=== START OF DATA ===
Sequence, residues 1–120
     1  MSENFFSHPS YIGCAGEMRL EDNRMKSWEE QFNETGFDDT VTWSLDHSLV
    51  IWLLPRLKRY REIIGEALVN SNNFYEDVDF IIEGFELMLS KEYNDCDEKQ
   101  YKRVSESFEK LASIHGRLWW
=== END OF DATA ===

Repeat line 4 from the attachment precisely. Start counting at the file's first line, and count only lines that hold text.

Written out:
   101  YKRVSESFEK LASIHGRLWW